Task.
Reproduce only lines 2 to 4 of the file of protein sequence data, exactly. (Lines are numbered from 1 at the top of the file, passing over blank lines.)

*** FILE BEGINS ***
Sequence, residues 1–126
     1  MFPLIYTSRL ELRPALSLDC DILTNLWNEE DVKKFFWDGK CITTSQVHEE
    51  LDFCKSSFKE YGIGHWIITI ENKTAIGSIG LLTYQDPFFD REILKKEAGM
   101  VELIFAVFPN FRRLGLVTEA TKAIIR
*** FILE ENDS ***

     1  MFPLIYTSRL ELRPALSLDC DILTNLWNEE DVKKFFWDGK CITTSQVHEE
    51  LDFCKSSFKE YGIGHWIITI ENKTAIGSIG LLTYQDPFFD REILKKEAGM
   101  VELIFAVFPN FRRLGLVTEA TKAIIR